Morroccan architect and anthropologist Salima Naji has been committed to the architectural heritage of her country for years. She sees a direct link between the traditional, sustainable,
Moroccan construction techniques with loam, the architecture with indoor public areas, and the way residents once used to live and work together. Her idea is that when you preserve and restore
one you will automatically preserve the other. In 2019, Naji’s book Architectures du bien commun. Pour une étique de la préservation was published, in which she explains this
Over the last few decades community life in rural areas of Morocco crumbled as its inhabitants moved to the city. Especially in remote areas,
agricultural production stagnated and date palm forests and fruit and nut orchards declined, as did the architectural heritage. For example in Vallée de l’Yissy, a beautiful 14 kilometre valley
surrounded by dry, yellow and red mountains that meanders through the anti-Atlas mountains.
The Moroccan government is increasingly trying to spread tourism across the country in the future so areas further inland may benefit too. They
also have high sustainability aspirations - unlike many other western countries, Morocco is well on track to achieve the Paris climate goals. Commissioned by the ministry of tourism, Salima Naji
and her office and the Amsterdam firm Inside Outside are
developing a strategy to turn the tide in the Vallée de l’Yissy.
For this, they focus on a new form of sustainable, community-based tourism closely intertwined with the landscape. In consultation with local
communities, seven strategic locations have been chosen from which multiple points of interests can be visited, such as traditional architecture, water basins, natural swimming pools, threshing
sites, traditional irrigation systems or cemeteries. These seven spots are located on the existing main road and are literally marked with a large circle made of local natural stone.
To promote exchange, these places are primarily designed as a public space for the local community. The recognisable circular shape visibly
connects the seven points in the valley. Yet tourists also know that a nice view or other place of interest can be found here, or a potential place to stay the night, because this is promoted in
the tourist information about the valley. The hotels and restaurants have been planned in renovated cultural heritage sites and new developments where traditional construction methods are used in
And so the circles are a first notion of change in the valley. They will further stimulate rural tourism - tourism that will benefit the locals
and is anchored in their communities. Salima Naji and Inside Outside expect social cohesion in the valley to increase as a result of these developments, and, more importantly, that the prevailing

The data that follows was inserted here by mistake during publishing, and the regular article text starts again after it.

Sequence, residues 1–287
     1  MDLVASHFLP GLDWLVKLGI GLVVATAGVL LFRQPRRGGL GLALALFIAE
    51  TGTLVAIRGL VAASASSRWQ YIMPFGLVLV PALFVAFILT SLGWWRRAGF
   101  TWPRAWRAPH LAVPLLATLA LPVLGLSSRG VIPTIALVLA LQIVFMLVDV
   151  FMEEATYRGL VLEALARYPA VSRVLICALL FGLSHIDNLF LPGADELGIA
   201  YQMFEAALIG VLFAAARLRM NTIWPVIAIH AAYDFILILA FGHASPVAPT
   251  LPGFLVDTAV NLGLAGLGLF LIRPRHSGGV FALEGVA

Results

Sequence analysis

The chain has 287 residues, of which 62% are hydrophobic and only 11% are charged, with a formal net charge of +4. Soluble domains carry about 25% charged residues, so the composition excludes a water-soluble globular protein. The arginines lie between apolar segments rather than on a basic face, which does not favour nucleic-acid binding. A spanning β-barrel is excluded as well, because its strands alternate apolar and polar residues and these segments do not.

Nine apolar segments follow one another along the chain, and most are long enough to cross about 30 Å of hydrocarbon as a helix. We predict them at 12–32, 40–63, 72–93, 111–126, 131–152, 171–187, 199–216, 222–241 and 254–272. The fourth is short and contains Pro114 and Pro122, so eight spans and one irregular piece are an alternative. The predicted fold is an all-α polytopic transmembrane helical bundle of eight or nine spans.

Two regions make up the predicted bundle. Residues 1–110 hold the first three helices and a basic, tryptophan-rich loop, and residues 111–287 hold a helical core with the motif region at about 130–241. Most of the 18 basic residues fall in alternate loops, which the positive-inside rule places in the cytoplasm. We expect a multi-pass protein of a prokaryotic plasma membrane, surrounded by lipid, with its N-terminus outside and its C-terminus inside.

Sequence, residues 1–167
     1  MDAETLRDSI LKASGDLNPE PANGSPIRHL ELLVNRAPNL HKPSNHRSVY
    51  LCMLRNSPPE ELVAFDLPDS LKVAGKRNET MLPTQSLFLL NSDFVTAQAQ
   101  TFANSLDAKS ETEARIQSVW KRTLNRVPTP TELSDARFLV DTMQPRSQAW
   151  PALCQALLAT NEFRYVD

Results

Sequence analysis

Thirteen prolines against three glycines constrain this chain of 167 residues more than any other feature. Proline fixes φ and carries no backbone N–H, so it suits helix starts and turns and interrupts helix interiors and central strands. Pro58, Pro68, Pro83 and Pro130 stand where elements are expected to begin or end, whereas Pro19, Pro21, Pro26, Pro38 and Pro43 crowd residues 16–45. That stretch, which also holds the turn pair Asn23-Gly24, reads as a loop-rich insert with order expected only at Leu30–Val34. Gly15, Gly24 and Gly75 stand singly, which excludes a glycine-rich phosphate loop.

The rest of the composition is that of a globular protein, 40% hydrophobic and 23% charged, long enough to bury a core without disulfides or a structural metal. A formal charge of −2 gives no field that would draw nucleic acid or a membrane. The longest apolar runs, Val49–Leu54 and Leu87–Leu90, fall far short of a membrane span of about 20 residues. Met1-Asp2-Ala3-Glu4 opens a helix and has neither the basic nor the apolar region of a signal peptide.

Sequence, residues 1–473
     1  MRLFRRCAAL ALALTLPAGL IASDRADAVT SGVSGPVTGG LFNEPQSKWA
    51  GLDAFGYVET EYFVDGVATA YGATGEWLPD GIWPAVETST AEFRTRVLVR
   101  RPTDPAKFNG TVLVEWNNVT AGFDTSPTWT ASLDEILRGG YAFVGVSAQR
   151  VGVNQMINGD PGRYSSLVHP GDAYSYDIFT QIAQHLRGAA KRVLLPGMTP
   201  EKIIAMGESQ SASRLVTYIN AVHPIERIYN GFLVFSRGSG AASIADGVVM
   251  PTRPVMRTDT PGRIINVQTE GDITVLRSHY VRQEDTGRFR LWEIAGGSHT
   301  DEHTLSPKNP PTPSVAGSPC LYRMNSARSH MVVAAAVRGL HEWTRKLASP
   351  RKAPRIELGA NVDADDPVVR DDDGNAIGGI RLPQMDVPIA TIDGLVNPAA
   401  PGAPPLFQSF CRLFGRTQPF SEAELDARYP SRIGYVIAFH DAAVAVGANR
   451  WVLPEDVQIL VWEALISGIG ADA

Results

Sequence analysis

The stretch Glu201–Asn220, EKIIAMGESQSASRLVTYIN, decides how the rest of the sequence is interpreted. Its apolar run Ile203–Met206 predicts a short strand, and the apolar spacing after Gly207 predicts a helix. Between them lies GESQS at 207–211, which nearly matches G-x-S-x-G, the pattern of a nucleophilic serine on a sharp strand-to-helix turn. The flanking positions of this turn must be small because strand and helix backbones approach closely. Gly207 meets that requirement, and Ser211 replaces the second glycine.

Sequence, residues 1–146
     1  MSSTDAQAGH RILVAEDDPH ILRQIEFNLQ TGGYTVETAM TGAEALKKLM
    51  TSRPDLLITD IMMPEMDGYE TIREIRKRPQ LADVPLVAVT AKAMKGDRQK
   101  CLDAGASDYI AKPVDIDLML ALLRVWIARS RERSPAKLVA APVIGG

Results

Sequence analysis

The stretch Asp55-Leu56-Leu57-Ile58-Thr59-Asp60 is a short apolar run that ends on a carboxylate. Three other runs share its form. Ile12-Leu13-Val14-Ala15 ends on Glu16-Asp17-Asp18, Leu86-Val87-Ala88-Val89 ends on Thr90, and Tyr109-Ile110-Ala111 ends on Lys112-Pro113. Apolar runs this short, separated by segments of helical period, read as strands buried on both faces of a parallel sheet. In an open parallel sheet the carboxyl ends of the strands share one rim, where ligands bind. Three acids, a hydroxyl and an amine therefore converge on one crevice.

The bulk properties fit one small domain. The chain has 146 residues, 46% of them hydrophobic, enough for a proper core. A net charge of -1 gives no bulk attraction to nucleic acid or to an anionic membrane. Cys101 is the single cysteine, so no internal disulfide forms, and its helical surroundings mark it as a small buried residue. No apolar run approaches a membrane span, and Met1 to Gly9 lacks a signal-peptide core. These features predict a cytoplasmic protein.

notion of worthlessness will be replaced by a notion of worth. This will automatically lead to a focus on preserving the landscape, the historically unique ecology in the valley, the culture and
Spain was hit exceptionally hard by the coronavirus pandemic in 2020. Until early June 2020 the Spanish held a minute’s silence every day and
strict measures have been in place for more than a year, especially in Madrid. The death toll there rose so quickly that bodies had to be stored in the ice rink. In March a ‘field hospital’ with
five thousand beds was hastily set up and in autumn a brand new hospital was built: Enfermera Isabel Zendal.
Madrilenian landscape architect Cristina
Jorge Camacho designed the outdoor space for this new hospital. The principle of isolation and protection that applies indoors continues in the garden. Round ‘alcoves’, surrounded by bushes
and the odd tree, allow patients and their visitors to safely spend time in the garden. And staff can recover here from their stressful shifts on a covid ward. The garden beds and borders are
laid out in a way that allows recovering patients to walk around and in between them.
Only one hundred days were needed to complete the construction of the hospital. It consists of three separate buildings and boasts over a
thousand beds. It is to be applauded that despite the enormous cost overrun the landscape plan was still implemented, albeit only partly. And the plants will have to grow considerably before the
alcoves will feel like actual alcoves. Hopefully by that time the coronavirus pandemic will be over.
Yet it is already an interesting hospital garden. The planting is a reflection of three Spanish landscapes - Estepa Sur, Sierra Norte and Vega
Campiña - and is organised by area of origin like in a botanical garden. These landscapes were chosen because of the dry ground, and the plants that were used rarely cause allergic reactions or
The garden beds are shaped like lenses and the paths are permeable to prevent rain water from running away immediately. Also, Cristina Jorge
Camacho plays with the ability of certain types of plants to hold water. They have been grouped together in such a way that the types of plants that hold water longer function as a sponge for
other types of plants. There are several fruit trees in the garden and plant colours and scents have been carefully matched.
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